Nigeria leader wants sovereign wealth fund in months


Nigeria’s Acting President Goodluck Jonathan wants a sovereign wealth fund for sub-Saharan Africa’s biggest energy producer established within months, the country’s new finance minister said.

At a meeting in Abuja, Jonathan told the National Economic Council — made up of ministers, economic advisers, the central bank governor and the governors of Nigeria’s 36 states — to establish a framework for the fund within three months.

The fund could allow a percentage of Nigeria’s oil revenues to be invested in international capital markets, shielding the OPEC member’s economy from the impact of any sharp falls in global oil prices.

Finance Minister Olusegun Aganga said the fund would eventually replace the country’s excess crude account (ECA), a pillar of IMF-backed reforms launched in 2003 into which Nigeria currently saves any oil revenue above a benchmark oil price.

Critics of the ECA say there is no clear legal basis on which to determine how the windfall oil savings in the account should be shared between the tiers of government — federal, state and local — leading to constant political wrangling.
“The intention is that the (sovereign wealth) fund will be funded by what we have in the excess crude oil account,” Aganga told reporters after the economic council meeting.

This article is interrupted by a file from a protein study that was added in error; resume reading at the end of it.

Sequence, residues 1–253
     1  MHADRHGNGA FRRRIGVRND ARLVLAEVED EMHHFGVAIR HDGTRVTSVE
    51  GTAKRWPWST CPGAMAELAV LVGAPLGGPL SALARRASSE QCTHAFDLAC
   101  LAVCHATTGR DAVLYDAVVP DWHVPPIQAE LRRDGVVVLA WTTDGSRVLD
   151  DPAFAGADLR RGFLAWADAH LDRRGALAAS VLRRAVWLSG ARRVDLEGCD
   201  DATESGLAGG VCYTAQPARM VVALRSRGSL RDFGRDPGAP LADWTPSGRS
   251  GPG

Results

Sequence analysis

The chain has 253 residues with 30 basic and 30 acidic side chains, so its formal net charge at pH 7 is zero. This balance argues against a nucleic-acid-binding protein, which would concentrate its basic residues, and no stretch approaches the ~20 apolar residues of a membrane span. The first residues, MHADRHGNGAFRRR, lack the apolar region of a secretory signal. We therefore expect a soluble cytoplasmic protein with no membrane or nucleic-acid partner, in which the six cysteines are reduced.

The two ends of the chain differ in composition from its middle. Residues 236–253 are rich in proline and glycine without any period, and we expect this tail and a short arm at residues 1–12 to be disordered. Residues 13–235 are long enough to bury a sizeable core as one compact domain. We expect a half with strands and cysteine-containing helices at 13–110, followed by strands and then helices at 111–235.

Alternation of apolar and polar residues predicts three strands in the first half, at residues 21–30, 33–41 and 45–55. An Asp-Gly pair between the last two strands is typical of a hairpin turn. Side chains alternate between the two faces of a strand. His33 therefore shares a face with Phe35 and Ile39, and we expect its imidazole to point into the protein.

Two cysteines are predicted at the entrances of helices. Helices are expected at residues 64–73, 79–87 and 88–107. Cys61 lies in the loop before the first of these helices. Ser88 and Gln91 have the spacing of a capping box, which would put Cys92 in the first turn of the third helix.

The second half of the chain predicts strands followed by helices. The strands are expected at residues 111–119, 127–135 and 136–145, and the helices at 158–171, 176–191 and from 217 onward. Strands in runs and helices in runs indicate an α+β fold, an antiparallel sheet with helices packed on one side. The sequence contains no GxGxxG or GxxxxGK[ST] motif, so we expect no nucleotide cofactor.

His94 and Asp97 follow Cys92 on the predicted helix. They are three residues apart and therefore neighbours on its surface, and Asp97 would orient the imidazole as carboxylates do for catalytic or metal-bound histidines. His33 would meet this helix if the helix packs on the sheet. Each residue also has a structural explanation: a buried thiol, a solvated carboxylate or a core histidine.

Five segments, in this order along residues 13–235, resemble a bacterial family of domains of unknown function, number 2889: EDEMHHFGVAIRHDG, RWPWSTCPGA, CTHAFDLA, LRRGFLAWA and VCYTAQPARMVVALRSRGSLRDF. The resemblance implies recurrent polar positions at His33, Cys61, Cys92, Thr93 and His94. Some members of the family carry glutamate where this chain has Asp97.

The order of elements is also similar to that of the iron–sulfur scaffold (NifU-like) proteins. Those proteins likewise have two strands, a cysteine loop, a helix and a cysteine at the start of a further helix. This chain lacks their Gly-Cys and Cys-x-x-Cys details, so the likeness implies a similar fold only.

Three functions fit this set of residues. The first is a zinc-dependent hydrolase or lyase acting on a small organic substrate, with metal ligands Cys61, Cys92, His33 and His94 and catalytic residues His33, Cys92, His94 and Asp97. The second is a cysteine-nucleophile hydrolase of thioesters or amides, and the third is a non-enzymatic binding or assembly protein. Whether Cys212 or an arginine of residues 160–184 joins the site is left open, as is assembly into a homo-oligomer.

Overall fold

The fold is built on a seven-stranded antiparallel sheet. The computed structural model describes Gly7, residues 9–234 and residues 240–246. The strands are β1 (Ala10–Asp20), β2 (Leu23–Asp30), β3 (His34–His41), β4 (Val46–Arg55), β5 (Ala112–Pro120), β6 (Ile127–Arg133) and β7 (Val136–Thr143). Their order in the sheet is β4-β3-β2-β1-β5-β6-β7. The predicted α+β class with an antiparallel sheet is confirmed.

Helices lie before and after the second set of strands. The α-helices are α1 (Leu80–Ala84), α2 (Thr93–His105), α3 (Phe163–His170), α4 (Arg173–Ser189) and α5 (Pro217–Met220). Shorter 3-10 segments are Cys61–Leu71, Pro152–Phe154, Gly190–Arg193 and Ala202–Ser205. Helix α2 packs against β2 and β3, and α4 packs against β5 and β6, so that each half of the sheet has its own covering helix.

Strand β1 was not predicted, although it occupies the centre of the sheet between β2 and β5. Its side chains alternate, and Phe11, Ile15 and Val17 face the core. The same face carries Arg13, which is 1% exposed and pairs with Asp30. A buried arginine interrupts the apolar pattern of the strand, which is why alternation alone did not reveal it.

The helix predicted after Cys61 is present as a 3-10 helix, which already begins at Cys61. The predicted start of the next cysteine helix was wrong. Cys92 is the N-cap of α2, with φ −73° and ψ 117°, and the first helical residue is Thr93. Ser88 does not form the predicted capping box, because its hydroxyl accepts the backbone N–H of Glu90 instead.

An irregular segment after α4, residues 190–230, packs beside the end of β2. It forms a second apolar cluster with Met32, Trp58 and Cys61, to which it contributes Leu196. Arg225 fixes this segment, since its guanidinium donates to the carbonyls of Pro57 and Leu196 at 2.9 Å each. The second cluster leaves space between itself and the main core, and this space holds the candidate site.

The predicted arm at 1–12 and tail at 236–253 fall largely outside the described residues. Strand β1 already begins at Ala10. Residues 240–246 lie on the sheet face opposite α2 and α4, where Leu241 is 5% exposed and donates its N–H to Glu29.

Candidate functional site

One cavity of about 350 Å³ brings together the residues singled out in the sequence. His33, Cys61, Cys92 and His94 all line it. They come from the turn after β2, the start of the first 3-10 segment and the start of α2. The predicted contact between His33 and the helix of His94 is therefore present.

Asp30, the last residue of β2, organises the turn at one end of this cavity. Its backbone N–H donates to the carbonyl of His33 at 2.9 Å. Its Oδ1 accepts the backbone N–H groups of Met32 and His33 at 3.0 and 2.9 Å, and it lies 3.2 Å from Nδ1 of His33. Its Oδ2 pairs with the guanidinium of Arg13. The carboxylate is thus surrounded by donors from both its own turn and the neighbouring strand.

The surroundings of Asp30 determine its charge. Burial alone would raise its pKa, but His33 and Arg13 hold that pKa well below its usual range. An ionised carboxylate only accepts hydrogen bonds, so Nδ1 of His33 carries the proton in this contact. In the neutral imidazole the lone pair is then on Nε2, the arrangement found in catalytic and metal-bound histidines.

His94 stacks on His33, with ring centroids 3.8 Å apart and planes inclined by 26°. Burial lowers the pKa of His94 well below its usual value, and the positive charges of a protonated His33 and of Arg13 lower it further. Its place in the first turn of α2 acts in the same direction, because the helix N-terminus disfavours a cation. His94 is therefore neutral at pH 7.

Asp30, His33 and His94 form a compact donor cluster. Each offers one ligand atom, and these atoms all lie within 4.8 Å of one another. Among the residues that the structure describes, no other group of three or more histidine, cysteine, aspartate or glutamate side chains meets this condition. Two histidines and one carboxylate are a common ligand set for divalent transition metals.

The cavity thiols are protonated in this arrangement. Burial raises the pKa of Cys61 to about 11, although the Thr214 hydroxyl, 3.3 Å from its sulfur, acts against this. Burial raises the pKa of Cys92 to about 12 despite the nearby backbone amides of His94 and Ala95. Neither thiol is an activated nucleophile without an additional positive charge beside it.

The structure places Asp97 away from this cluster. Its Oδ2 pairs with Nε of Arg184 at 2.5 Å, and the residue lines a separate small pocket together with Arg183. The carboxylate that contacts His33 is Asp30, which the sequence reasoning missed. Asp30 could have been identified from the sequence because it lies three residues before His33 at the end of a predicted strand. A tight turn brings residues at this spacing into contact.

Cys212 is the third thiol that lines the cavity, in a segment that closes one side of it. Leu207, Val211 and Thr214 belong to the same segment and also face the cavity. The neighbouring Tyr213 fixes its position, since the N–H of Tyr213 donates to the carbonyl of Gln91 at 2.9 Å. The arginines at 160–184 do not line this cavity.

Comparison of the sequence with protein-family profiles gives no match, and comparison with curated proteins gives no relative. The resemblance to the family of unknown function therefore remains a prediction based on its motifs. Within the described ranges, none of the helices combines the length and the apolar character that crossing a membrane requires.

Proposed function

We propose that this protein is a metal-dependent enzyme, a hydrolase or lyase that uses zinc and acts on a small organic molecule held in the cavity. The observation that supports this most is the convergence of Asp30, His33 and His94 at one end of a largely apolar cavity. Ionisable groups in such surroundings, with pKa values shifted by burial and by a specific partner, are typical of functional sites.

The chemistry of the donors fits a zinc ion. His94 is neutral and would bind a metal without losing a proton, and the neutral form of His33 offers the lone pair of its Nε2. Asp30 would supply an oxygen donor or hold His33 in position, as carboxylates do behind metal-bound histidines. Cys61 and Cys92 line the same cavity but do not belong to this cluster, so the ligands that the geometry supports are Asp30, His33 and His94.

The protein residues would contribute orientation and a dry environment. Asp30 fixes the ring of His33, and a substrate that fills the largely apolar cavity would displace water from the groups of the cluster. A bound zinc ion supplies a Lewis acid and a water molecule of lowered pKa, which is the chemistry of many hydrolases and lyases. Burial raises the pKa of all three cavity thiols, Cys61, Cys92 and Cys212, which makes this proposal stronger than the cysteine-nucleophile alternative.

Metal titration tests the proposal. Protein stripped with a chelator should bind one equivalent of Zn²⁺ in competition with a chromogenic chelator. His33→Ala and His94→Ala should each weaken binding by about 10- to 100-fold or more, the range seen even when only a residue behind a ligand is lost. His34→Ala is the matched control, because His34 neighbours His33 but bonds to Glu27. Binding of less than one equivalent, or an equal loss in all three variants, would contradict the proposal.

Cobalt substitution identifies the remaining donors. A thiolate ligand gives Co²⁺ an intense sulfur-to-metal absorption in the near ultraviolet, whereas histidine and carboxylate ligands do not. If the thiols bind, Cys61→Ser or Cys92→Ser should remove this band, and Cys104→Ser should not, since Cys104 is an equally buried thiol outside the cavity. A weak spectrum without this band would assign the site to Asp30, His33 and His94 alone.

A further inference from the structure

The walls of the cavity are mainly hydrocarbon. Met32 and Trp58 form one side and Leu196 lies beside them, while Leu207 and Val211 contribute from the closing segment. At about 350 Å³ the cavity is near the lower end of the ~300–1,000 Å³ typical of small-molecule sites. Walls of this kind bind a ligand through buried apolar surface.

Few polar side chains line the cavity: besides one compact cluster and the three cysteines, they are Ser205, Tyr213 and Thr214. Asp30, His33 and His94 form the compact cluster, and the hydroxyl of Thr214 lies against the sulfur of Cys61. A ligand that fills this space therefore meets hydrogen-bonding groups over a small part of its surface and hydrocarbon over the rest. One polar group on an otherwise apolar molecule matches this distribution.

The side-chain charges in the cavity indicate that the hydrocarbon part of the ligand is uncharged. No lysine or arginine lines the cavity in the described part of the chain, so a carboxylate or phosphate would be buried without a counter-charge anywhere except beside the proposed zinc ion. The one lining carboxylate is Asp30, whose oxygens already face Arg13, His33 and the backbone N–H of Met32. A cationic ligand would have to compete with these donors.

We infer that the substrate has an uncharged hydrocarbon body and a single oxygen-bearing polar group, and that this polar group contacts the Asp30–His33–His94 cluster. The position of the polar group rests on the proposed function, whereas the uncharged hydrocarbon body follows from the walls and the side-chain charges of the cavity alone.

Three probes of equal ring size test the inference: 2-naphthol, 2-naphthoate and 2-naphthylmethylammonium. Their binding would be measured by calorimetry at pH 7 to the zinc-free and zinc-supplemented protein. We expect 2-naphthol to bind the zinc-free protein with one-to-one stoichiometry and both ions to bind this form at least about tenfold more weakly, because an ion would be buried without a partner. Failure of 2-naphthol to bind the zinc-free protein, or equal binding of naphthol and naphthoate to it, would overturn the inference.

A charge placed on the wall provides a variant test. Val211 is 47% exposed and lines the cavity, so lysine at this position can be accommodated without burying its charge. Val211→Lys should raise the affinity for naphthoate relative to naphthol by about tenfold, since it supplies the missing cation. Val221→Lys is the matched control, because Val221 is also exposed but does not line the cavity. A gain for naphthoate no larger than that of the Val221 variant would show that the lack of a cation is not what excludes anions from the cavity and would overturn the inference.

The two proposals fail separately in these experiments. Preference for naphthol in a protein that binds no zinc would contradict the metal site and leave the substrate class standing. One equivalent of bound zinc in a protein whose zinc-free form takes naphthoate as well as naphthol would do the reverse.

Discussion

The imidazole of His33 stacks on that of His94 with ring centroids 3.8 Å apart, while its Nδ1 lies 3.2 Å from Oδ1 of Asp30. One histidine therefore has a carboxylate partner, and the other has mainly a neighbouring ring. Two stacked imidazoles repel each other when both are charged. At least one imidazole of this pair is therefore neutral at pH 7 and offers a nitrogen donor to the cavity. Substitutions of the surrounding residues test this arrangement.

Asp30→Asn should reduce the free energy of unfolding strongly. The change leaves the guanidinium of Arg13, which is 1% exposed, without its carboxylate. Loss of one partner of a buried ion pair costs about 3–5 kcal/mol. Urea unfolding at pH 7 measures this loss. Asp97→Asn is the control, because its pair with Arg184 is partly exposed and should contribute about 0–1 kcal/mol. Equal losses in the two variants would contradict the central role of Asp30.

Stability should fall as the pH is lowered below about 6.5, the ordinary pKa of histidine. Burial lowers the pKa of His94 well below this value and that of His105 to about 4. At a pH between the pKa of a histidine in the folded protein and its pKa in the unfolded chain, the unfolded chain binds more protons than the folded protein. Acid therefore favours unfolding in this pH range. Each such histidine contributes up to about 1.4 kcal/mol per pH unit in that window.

“The present arrangement is just an administrative arrangement, it has no legal basis.

What we have to begin now is to give it a legal basis so the excess crude account will be replaced by a legal arrangement … in line with international best practice,” he said.

Aganga, a former London-based executive at US investment bank Goldman Sachs, was appointed finance minister in a reshuffle two weeks ago. He said the sovereign wealth fund would include a stabilisation fund to shield Nigeria against volatile oil prices and a fund for future generations.

The excess crude account has protected the Nigerian economy against the sort of boom and bust cycles it saw during the oil shocks of the 1970s but windfall savings have dwindled since President Umaru Yar’Adua took office in 2007.

The ECA contained more than $20 billion when Yar’Adua came to power but his administration regularly dipped into the account, raising concern about Nigeria’s commitment to fiscal discipline. The account currently contains around $3 billion.

Yar’Adua returned from three months in a Saudi hospital two months ago, where he was being treated for a heart ailment, but remains too sick to govern. Jonathan has since consolidated power as acting leader, appointing his own cabinet and advisers.

Sceptics say a Nigerian sovereign wealth fund is likely to suffer the same fate as the ECA, with squabbling over who controls the funds and how they are managed.

Other African oil nations including Angola, which rivals Nigeria as the continent’s biggest producer, and Ghana, which is expected to start producing oil this year, have also said they are considering establishing sovereign wealth funds.

Ghanaian officials privately say they want to avoid the mistakes of Nigeria, where endemic corruption has meant billions of dollars of oil revenues have been squandered by the elite while the majority live in poverty.

Pic: Nigeria’s Acting President -Jonathan Goodluck